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Alphomism - a belief system for our times.
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For the Alphomist, justice is a combination of love and truth. Every effort must be made to determine the truth in criminal matters and then, if responsibility for a crime is established, the court must act with love in deciding the fate of the wrongdoer.

This contrasts strongly with the current practice of treating the malefactor with something close to hatred but such an approach is demeaning to the officers of the court and counter-productive to the evolutionary process. Rather than making speeches such as. ‘You are evil and will pay the full price’, judges should have an attitude of regret that the crime happened and that the sanction has to be imposed.

In sentencing criminals, judges must obviously work within the statutory limits of the sanctions but must show that they will be applied, otherwise they will lose their efficacy. In deciding the severity of penalties, it will be entirely proper for judges to bear in mind the need to protect society. The conclusion that someone is too dangerous to be free is very different from the one that the person is ‘evil’ and has to suffer.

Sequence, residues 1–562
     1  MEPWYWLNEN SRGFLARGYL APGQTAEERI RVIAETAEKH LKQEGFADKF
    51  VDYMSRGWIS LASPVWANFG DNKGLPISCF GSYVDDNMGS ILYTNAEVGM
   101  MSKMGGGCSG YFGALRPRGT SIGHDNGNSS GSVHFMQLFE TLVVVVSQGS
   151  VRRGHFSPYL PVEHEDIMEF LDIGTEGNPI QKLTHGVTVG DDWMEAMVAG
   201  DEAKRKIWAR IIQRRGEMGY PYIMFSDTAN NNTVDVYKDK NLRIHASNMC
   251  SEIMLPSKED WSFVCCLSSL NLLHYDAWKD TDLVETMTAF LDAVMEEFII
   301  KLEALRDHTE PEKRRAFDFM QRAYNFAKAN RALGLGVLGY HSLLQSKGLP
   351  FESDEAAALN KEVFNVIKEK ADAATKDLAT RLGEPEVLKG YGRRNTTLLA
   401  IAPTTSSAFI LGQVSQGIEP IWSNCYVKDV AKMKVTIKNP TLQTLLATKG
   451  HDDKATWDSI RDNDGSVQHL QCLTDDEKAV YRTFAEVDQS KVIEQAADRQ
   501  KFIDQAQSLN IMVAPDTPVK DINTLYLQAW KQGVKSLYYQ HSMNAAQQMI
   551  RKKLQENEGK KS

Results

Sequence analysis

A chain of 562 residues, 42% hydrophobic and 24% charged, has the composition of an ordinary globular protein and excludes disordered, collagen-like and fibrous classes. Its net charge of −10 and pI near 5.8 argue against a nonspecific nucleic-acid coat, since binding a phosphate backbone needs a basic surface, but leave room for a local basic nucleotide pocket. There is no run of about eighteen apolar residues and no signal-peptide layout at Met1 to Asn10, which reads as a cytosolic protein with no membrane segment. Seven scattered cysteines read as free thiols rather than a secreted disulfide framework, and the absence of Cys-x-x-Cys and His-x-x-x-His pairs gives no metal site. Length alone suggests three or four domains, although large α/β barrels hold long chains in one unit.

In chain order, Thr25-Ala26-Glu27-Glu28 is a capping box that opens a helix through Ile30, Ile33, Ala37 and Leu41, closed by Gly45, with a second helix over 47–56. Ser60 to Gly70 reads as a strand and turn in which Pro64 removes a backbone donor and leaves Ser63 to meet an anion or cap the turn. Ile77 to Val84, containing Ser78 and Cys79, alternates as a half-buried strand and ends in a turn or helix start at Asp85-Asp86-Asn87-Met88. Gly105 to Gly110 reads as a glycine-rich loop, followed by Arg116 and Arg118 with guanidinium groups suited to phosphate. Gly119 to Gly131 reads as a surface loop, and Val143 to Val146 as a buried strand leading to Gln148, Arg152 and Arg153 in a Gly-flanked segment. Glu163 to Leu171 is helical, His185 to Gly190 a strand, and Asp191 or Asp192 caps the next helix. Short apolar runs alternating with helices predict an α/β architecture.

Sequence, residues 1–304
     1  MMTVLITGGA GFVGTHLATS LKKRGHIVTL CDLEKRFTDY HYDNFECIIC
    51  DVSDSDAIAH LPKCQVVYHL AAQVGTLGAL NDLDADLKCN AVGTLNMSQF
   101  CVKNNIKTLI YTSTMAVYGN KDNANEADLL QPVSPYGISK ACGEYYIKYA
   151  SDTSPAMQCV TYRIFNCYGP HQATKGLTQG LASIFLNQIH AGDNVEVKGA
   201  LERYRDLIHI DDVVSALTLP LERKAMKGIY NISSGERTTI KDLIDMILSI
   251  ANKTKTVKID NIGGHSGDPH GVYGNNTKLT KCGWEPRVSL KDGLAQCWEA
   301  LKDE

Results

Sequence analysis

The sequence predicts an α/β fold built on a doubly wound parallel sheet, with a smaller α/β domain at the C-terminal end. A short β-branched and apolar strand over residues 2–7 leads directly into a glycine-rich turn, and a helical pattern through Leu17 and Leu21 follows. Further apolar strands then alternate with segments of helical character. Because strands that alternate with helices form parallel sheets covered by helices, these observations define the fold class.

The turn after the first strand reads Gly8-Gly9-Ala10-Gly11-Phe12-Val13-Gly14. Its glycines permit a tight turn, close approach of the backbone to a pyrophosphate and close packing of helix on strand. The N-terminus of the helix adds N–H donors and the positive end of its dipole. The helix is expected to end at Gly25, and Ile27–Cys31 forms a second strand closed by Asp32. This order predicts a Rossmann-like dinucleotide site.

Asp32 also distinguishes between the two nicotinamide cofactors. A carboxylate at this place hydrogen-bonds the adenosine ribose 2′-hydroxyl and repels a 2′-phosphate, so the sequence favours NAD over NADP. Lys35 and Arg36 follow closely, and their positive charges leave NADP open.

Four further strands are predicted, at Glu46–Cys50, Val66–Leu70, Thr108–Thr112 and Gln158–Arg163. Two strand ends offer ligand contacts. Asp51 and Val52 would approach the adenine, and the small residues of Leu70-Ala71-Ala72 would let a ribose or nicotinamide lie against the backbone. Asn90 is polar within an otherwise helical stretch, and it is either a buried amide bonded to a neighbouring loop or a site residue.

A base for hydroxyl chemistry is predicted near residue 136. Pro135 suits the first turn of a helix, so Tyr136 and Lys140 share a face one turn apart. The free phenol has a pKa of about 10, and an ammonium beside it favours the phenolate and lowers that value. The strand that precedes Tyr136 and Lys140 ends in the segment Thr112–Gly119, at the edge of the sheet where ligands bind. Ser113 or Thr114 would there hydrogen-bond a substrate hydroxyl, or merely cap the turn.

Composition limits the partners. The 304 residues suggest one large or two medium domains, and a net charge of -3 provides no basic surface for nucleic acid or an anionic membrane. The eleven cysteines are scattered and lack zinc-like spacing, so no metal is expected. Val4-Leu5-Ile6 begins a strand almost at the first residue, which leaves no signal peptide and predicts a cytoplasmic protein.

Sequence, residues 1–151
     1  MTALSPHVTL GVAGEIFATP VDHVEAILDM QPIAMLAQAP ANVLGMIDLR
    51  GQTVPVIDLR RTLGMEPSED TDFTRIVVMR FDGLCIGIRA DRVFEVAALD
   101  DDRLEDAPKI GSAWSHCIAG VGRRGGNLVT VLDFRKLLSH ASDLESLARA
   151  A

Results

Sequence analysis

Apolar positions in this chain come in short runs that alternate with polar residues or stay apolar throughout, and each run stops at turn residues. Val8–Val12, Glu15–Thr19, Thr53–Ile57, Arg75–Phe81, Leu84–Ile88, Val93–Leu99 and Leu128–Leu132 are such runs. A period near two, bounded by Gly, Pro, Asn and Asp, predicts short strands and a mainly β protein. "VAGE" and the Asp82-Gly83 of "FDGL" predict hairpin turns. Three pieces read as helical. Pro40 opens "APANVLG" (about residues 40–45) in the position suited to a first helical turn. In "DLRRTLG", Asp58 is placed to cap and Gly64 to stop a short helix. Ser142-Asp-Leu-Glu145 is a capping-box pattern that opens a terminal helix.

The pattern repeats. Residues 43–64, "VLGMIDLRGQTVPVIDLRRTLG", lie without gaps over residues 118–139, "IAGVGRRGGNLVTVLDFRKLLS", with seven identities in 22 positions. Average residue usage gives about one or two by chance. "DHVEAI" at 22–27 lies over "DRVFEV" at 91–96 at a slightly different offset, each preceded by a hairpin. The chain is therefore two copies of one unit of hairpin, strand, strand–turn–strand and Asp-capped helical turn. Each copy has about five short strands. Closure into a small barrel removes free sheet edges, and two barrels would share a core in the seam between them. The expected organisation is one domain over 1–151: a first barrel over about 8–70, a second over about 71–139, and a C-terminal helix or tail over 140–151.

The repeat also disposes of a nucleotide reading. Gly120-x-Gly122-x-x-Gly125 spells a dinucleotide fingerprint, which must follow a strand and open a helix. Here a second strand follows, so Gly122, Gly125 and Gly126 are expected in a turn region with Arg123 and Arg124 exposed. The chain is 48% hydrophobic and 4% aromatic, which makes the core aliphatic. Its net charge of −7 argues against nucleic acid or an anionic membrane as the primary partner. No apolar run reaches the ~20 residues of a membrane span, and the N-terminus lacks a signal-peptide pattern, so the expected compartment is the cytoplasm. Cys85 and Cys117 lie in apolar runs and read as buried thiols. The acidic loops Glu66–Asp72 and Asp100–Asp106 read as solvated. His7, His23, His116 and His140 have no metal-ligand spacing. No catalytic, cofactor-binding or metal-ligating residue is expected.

Judges sometimes, almost on a whim it seems, decide to ‘make an example’ of an individual and dole out a maximum sentence. This should certainly not happen. The current rate of sentencing is an indication as to how seriously society is taking particular crimes. If there is an increase in concern about a particular matter then a public announcement should be made that, henceforth, those convicted of the stated offence can expect harsher treatment. Ideally, such variations in tariff should be determined only by the law-makers. It is the elected representatives of the people who should decide the priorities.

When sentencing people to custody, judges should be able to offer two options. Criminals should be able to choose whether they spend their time in prison doing whatever is required of them in terms of work or whether they go to an establishment which offers programmes designed for personal change.

Inevitably, some who have no intention of making the effort to change will choose what they might see as the softer option but they will soon discover that they have made a mistake. Some will, perhaps, begin to change in spite of themselves. Those who seem not to be cooperating will be transferred, after due process, to a time-serving establishment. Those who remain, genuine self-reformers or just good actors, will go through the appropriate programmes and some will profit, as, of course, will society, from their change of attitude.



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